Chris Christie and Jeb Bush Have Major Iowa Problems

They may be popular with swing voters, but Republicans in this crucial caucus state are not sold: Bloomberg Politics/Des Moines Register Poll.
David Paul Morris/Bloomberg

Chris Christie and Jeb Bush are both among the Republican Party's most popular governors to ever lead big states, New Jersey and Florida. It's a little state, though, that could trip up their presidential ambitions. Simply put: Iowa Republican caucusgoers don't like either of them very much.

“I see a failure in both of those guys to stand with conservative thinkers,” Dave Peters, a Baptist pastor from Waterloo, Iowa, said in describing his opposition to Bush and Christie.

“They’re lifetime politicians, and that says it all,” said Judy Devries, a mental health counselor in Council Bluffs.

“Disgraceful opportunists,” said John Beeson, a retiree from Peru, Iowa.

Iowa's status as the first state to hold a presidential nominating contest every four years gives the small Midwestern state an oversized role, dooming the campaigns of some contenders and giving momentum to others. In a Bloomberg Politics/Des Moines Register Iowa Poll released Tuesday, likely Republican caucusgoers were asked who would be their first pick for the party's 2016 nomination. Bush stood at 4 percent, Christie came in at 6 percent, and “not sure” got 9 percent.

The party's 2012 nominee, Mitt Romney, was the top choice with Ben Carson, a neurosurgeon turned Republican activist, coming in second. The poll comes more than a year before the Iowa caucus and at a time when many voters are just starting to think about the congressional elections next month, and many respondents said they don't know enough about either. Yet the results still raise some red flags for two candidates generally viewed as among the most electable Republican presidential contenders in a general election.

Christie, the New Jersey governor who won a landslide re-election victory in 2013, was the most disliked Republican out of 16 potential contenders included in poll. The poll of 425 Republicans likely to participate in the party's presidential caucuses was taken Oct. 1-7 and has a margin of error of plus or minus 4.8 percentage points. It was conducted by Selzer & Company of Des Moines, Iowa.

Forty-five percent of respondents said they had an unfavorable view of Christie, 15 points higher than the Republican with next highest unfavorable rating.

And with just 39 percent saying they held a favorable view of Christie, he's essentially the only Republican underwater on that question. (Ohio Senator Rob Portman recorded an unfavorable rating of 10 percent and favorable rating of 9 percent — while 81 percent said they didn't know enough about him to answer the question.)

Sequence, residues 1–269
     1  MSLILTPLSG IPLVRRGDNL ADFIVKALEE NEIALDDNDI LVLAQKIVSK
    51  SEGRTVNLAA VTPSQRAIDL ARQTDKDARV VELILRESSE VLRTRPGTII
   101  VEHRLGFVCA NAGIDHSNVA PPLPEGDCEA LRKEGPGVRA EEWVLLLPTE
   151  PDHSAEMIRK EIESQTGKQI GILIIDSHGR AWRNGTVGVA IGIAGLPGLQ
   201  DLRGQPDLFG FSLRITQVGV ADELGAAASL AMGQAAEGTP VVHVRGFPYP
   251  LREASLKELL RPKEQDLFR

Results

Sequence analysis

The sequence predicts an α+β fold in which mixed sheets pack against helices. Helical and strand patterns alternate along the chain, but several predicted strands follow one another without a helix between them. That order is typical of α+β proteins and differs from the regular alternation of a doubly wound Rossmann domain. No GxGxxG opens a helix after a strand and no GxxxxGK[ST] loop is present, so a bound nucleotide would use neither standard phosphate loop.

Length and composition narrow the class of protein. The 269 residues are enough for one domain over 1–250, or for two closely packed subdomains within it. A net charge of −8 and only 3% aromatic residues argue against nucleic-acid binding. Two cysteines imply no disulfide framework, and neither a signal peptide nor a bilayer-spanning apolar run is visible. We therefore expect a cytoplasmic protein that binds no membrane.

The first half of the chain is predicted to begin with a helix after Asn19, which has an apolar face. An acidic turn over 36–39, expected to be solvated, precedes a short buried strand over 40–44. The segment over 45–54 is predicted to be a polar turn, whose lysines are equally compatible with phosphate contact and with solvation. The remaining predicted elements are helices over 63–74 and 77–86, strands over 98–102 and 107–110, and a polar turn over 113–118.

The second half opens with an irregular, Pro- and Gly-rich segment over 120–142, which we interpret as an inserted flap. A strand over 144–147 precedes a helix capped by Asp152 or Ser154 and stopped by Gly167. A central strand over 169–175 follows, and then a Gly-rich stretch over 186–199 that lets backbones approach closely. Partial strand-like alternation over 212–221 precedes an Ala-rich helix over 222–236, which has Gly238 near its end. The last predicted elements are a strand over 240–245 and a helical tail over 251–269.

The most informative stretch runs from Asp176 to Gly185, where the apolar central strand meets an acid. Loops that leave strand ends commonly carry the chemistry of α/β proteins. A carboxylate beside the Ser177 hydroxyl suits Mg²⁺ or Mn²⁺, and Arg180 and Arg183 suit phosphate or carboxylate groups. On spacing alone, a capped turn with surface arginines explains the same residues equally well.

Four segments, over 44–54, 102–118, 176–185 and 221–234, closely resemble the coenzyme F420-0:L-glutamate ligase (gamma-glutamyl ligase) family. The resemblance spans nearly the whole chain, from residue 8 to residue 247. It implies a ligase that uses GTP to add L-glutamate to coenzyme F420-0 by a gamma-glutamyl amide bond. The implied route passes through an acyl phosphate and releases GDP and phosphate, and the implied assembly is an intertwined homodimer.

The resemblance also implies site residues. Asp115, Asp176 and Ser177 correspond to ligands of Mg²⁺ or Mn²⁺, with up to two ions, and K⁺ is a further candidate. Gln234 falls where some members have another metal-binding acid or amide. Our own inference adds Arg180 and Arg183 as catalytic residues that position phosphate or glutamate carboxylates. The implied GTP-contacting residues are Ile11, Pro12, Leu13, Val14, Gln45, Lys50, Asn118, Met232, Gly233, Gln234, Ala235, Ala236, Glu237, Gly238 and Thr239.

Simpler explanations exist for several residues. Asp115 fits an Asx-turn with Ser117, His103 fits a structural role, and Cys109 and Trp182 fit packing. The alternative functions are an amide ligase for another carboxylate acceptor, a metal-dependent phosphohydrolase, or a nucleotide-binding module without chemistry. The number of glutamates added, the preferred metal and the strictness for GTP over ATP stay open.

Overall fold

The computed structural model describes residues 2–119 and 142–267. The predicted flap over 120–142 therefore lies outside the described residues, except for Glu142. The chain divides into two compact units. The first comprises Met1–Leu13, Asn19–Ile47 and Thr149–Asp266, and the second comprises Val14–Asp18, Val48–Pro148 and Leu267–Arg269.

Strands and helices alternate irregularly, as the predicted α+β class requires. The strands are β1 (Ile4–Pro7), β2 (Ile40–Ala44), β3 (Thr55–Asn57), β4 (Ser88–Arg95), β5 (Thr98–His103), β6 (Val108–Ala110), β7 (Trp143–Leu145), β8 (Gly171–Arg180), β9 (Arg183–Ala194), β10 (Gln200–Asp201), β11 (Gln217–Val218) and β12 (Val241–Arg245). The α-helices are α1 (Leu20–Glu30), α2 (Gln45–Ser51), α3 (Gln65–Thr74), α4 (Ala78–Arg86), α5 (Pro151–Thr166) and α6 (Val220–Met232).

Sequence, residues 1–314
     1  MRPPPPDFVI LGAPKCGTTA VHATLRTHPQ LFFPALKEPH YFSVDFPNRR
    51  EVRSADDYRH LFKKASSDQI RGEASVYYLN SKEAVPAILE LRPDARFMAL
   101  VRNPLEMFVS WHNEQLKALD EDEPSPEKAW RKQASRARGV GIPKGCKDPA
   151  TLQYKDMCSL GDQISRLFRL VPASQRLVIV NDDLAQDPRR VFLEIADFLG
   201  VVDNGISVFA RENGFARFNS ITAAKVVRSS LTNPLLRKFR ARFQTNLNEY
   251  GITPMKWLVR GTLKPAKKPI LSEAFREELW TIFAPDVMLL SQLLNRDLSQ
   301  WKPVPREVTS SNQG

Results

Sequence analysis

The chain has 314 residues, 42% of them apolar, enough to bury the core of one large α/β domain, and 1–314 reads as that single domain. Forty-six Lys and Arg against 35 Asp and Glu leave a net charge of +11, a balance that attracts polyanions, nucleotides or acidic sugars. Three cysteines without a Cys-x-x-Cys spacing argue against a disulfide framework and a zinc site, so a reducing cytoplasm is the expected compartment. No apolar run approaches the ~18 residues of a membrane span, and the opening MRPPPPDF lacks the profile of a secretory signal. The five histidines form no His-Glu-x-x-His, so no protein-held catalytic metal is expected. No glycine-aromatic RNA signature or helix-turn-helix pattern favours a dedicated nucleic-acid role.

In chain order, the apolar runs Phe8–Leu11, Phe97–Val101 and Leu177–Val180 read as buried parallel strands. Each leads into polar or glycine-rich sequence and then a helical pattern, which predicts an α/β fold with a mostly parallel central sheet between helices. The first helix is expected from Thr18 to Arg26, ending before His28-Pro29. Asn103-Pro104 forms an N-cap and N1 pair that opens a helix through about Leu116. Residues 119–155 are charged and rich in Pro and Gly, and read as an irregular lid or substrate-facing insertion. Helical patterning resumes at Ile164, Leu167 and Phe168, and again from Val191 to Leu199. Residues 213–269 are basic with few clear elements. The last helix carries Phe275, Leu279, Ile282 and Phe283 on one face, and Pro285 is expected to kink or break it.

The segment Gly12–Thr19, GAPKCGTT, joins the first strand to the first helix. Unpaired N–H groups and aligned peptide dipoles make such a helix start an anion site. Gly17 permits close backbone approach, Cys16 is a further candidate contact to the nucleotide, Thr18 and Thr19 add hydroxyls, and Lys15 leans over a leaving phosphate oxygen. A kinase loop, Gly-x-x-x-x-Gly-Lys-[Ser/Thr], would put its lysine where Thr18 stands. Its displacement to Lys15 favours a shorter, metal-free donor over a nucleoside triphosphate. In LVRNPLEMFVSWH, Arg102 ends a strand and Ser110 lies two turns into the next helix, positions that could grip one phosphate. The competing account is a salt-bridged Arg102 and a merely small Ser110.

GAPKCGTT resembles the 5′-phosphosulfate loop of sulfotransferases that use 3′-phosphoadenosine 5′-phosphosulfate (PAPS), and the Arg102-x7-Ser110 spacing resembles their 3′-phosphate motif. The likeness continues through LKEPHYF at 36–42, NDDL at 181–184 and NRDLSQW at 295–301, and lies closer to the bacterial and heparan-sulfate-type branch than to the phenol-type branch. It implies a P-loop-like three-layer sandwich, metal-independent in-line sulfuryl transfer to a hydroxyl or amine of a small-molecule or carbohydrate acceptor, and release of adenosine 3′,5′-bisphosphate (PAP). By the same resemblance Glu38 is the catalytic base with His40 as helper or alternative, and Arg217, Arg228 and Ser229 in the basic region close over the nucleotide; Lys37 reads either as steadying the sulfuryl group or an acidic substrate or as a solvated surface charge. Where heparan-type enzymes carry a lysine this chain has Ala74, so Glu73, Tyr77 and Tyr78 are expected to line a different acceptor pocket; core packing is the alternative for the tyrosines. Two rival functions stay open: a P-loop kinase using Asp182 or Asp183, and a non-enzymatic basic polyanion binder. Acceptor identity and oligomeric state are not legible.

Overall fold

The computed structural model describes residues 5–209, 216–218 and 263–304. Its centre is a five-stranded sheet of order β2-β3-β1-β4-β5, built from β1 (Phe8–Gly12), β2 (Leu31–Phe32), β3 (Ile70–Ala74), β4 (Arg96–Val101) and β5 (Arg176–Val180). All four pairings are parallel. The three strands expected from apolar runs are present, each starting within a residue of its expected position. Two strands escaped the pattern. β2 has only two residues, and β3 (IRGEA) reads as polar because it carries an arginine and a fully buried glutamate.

Interviews with poll respondents show what's hurting Christie, at least to a degree, is his brusque personality. His frequent tongue lashings, such as referring to political opponents as “numbnuts,” may play well in New Jersey, but it's repelling some of the more polite Midwestern voters.

“He's a very pompous individual when it comes to getting in front of the cameras,” said Steven Starnes of Ringsted, Iowa, of Christie. “He's a show-off, and that's an automatic turn off for me.”

Several likely Iowa caucusgoers also said they're skeptical about the traffic jams his aides and allies created at the world's busiest bridge last September, which Democrats suspect were politically motivated. Christie, 52, has denied any role in ordering lane closures at the George Washington Bridge in Fort Lee, whose Democratic mayor didn't endorse the governor's re-election.

“It may or may not be his fault, but that bridge thing doesn't sit very well with me,” said Phil Metcalf, a retired pharmacist in Decatur County. “I haven't seen anything that Christie's done that has looked that great to me.”

Bush is held in contempt by some voters for backing national educational standards, including a program known as Common Core, and his support for easing immigration laws.

“I don't like his stand on immigration,” Devries said. “The people who storm across the border are criminals, but we don't treat them as such.”

The caucusgoers say the Bush family legacy would be an issue — and it cut both ways.

A sense of familiarity put some at ease. Approval of his father, former President George H.W. Bush, and his brother, former President George W. Bush, gave Jeb Bush a leg up with voters like Rhonda Agan. “I know that family wouldn't be tolerating the terrorists that Obama is putting up with right now,” the stay-at-home mom said, referring to the U.S. airstrikes against the Islamic State militants in the Middle East.

But others said another Bush in the White House is one too many. “Good God,“ said Beeson. “Doesn't this country have someone who isn't named Clinton or Bush to run for president?”

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